Owlegories, a Gospel-Centered Animated Series for Kids [Review]

Owlegories is a new animated series from Thomas and Julie Boto, who created Owlegories “because we wanted a fun way to teach our kids about our great God and His amazing love for us.” It’s geared to ages 8 and under.

The DVD, which is labeled “Volume 2,” features three 20-minute episodes—The Ant, The Fruit, and The Butterfly.

  • The Ant is about working together and finding three ways followers of Christ should be like ants.
  • The Fruit is about collecting fruit and learning about about the Fruit of the Spirit.
  • The Butterfly is about discovering three ways a follower of Christ is like a caterpillar.

In each episode, the five owls—Joey, Nora, Violet, Gus and Twitch—are sent on an adventure by their Professor. When they accomplish their mission, they’ve learned that episode’s lesson.

In all three episodes, the owl heroes have their plans challenged by a hummingbird named Fink and a bumbling, conniving owl named Devilin.

Owlegories DVDThe characters are self-aware, sometimes breaking the fourth wall and talking about the animators. The best thing about the series is the humor. It’s packed with it. There are plenty of re-watchable moments here, too. And with the top notch animation and overall presentation, there’s no reason this shouldn’t do well and start showing up on Saturday morning Christian television.

The episodes do borderline on being too preachy at times. The owls read a pledge every episode, quote scriptures and are straight-up given biblical lessons in their “Theowlogy Class.” The creators are so creative, I would have preferred if they’d creatively constructed the episodes to ramp up the humor even more since that’s their strength, and leave the plain spoken teaching for the animated recap and the nice vignettes by Christian leaders after each episode (Trillia Newbell, Angie Smith and Robert Morris). This short wrap-up is like a children’s church object lesson and is an addition parents will love. Though, in my real-life litmus test, my 7-year-old—who laughed out load with each episode, knew the character’s names by the end of episode two, and wanted to restart when they were over—lost interest every time the “real life person” started talking.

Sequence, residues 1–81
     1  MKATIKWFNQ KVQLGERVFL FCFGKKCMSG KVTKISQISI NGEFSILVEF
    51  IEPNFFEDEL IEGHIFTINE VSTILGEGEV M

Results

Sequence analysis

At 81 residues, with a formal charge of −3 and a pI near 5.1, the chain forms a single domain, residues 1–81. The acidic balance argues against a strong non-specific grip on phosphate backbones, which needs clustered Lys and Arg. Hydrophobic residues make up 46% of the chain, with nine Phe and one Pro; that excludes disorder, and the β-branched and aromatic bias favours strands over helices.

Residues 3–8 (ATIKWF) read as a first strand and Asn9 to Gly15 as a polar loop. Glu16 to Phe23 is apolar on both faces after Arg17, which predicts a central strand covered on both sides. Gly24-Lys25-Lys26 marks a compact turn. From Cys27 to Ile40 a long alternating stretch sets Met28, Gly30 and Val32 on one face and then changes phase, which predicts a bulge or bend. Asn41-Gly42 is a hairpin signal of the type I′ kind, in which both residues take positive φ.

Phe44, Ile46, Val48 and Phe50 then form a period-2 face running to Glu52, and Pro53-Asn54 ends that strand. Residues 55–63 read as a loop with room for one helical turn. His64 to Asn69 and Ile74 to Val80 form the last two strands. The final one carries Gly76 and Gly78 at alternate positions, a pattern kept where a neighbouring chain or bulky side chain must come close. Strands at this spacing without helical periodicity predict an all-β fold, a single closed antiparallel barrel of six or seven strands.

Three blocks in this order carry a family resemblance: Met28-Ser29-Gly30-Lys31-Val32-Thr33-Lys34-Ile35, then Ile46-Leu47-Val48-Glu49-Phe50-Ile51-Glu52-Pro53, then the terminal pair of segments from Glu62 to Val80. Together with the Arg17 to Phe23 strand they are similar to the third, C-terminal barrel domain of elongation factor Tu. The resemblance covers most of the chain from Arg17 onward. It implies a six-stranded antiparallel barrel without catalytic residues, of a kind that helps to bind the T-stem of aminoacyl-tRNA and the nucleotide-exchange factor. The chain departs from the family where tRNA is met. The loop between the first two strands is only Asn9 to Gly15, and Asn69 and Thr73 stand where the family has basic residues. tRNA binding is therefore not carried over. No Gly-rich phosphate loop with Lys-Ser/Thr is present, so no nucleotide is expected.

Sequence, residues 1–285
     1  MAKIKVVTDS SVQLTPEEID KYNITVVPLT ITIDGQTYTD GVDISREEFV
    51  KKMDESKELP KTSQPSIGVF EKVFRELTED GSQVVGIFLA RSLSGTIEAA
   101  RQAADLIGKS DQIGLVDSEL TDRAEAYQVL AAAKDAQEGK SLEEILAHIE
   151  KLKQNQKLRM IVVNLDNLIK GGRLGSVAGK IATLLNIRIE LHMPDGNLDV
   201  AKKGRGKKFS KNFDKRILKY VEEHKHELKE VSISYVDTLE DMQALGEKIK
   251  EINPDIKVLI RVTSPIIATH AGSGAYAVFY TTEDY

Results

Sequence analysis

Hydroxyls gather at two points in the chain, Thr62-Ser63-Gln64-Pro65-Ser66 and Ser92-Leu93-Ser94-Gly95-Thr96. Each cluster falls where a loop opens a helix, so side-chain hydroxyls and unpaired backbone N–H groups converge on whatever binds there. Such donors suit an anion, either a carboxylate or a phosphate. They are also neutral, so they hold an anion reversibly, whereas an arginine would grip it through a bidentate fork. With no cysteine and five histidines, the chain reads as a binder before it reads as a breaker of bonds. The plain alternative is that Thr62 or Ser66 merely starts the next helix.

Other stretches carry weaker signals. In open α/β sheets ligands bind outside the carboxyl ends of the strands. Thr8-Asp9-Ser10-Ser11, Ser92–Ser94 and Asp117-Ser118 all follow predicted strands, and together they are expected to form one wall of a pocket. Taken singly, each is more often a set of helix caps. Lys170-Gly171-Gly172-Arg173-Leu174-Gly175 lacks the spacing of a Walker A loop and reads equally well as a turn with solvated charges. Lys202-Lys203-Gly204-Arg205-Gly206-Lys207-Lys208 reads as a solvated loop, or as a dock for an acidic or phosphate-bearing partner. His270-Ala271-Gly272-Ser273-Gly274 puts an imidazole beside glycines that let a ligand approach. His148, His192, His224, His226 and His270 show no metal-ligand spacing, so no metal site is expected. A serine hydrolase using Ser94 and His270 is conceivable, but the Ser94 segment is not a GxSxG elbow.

The DVD also includes an Extras section that has a slew of nine “Optical Owlusions,” which best as I can figure is the creator’s kids playing around with the video software. Kids and objects disappear and reappear on screen…and make you wonder why these appear on the DVD at all. Kids will likely enjoy checking them out once, but there’s certainly no replay value especially since this sort of thing is all over YouTube. A song video from the Ant episode, however, provides more promise and reminds you of a Veggietales silly song with Larry. Wish there had been more of these. Maybe they’ll make a future DVD/CD set full of them.

The creators also included a short presentation about why they made Owlegories.

Overall: Recommended.

Find out more about Owlegories at Owlegories.com where you can also download their app.

You can get the Owlegories Vol. 2 DVD at FishFlix for $9.99, and if you sign up for their email list, you can get $5 off that. (You can also get that savings by texting 5-GIFT to 44222.) Not bad! They have plenty of other Christian DVDs, too.

Disclosure: I received this Owlegories DVD free from the FishFlix review program. I was not required to write a positive review. The opinions I have expressed are my own. I am disclosing this in accordance with the Federal Trade Commission’s 16 CFR, Part 255: “Guides Concerning the Use of Endorsements and Testimonials in Advertising.”

What Age Are Your Books Written For? [Reader Question]

“What age are your books written for?”

I get this question quite often, and the answer is both easy and difficult.

The easy answer is, for most my books, “middle graders.” If you go to your local bookstore and look for my Super Sleuth Investigator mysteries, or if you see a magazine ad for the Commander Kellie and the Superkids adventures, you’ll see that both are listed as “for middle graders.” Same with the Amazing Laptop series.

What Is a Middle Grader?

“Middle grade” is generally classified as that grade between childhood and teenage years–specifically ages 8-12. (Sometimes broadened to ages 7-13.) Though the term isn’t as popular as it once was, some people call them “tweens,” which is short for “in-betweens.”

The problem with such classification is that it pigeonholes readers, and–let’s face it–we’re all different.